You’ve never seen a pair of snake skin shoes like this before.
Researchers at the Harvard John A. Paulson School of Engineering and Applied Sciences (SEAS) and MIT have developed pop-up shoe grips, inspired by snake skin, that can increase friction between the shoe and the ground. The assistive grips could be used, among other things, to reduce the risk of falling among older adults.
The research is published in Nature Biomedical Engineering.
“Falls are the leading cause of the death for older adults and the second leading cause of occupational-related deaths,” said Giovanni Traverso, an assistant professor of Mechanical Engineering at MIT and co-corresponding author of the paper. “If we could control and increase the friction between us and the ground, we could reduce the risk of these types of falls, which not only cost lives but billions of dollars in medical bills every year.”
The researchers used kirigami — the Japanese art of paper cutting — to mimic snake scales. The gripper is made from a thin, flexible steel sheet, with dozens of scale-like cuts. When the material stretches, the cuts pop out into spikes that dig into the ground and create friction. When the foot flattens, the spikes fold back into the material, creating a smooth surface again.
“As you walk, the curvature of your shoe changes,” said Sahab Babaee, a research scientist at MIT and co-lead author of the paper. “We designed these assistive grippers to pop-out when weight shifts from the heel to the toe and the shoe bends and stretches along the soles.”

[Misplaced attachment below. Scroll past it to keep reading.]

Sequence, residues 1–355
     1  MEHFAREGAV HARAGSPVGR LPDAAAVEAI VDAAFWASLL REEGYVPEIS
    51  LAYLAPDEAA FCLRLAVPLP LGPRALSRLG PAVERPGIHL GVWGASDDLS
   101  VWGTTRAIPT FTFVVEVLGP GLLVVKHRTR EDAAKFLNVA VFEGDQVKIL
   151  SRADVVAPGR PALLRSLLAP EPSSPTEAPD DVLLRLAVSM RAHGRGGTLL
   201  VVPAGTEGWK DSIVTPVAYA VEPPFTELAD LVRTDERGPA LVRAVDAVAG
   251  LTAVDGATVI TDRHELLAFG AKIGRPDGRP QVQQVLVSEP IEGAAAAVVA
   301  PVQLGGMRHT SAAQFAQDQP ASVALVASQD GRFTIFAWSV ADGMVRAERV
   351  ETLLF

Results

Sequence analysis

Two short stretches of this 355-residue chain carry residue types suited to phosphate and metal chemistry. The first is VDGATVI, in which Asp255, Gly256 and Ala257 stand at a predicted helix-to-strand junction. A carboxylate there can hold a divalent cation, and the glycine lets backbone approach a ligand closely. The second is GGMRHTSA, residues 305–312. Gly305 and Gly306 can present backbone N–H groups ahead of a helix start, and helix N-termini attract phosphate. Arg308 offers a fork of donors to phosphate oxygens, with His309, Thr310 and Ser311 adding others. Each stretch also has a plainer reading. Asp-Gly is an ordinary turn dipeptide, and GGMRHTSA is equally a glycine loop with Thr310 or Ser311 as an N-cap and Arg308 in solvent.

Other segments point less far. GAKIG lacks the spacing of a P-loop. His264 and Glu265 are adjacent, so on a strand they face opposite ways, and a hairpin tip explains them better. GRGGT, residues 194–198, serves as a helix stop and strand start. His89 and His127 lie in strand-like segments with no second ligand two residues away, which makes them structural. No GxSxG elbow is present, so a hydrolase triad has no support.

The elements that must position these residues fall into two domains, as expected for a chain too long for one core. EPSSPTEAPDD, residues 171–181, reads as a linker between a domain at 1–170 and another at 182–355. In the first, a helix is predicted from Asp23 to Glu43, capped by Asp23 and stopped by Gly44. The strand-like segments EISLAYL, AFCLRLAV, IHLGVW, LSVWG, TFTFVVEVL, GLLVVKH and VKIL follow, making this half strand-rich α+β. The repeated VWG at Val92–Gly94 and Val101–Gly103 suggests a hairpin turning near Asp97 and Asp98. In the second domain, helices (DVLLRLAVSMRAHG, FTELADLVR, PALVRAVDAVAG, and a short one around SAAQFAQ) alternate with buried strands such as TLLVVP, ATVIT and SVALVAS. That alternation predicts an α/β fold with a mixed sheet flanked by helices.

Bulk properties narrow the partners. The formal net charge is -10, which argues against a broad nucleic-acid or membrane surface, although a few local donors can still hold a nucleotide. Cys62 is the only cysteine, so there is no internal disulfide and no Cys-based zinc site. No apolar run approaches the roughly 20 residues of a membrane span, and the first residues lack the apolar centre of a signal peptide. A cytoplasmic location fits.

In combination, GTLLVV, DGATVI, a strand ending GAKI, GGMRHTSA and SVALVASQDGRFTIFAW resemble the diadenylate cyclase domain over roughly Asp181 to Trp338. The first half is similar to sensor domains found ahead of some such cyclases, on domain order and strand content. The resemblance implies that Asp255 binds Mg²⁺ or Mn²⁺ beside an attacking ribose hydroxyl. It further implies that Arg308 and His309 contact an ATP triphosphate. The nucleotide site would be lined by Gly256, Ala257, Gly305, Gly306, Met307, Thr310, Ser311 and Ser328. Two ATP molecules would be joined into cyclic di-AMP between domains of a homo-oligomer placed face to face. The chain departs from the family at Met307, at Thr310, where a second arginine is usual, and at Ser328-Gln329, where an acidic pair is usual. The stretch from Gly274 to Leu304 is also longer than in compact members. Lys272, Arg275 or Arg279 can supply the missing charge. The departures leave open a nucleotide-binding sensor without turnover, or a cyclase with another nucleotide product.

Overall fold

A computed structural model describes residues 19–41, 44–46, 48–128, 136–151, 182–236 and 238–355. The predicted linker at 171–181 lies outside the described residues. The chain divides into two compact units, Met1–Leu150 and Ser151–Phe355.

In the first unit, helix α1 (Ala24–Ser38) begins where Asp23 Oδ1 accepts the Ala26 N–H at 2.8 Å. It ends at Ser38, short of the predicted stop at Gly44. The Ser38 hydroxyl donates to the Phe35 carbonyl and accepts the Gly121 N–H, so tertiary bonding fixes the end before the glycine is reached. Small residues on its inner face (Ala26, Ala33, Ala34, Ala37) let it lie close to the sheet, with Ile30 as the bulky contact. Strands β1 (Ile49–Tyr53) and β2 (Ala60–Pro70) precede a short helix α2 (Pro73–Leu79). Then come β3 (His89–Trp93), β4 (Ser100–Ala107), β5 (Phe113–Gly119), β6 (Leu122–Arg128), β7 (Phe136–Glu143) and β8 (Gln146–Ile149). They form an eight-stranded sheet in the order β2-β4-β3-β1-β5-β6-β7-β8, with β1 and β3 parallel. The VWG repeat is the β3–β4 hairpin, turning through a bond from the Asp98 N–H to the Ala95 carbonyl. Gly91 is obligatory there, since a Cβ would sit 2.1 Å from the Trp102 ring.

The multidisciplinary research team studied gaits to find the exact right curvature of the foot to trigger the spikes and tested the device on multiple surfaces, including ice.
“Through a combination of simulations and experiments, we carefully choose where to make the cuts so that the spikes are stiff and pop out at the best possible angle of attack to maximize the grip of the kirigami with the contacting surface,” said Ahmad Rafsanjani, a former postdoctoral fellow at SEAS and co-lead author of the paper. Rafsanjani is currently a senior scientist at ETH Zurich.
In tests, the device not only weighed less and was easier to take on and off than leading commercial crampons, but it also outperformed them in creating friction.
“These lightweight, kirigami metasurfaces could play an important role in public health to mitigate slipping and falling in a range of different environments,” said Katia Bertoldi, the William and Ami Kuan Danoff professor of Applied Mechanics at SEAS and co-corresponding author of the paper. “They could also be used to improve the mobility of all-terrain robots that could one day travel across difficult environments for search and rescue missions.”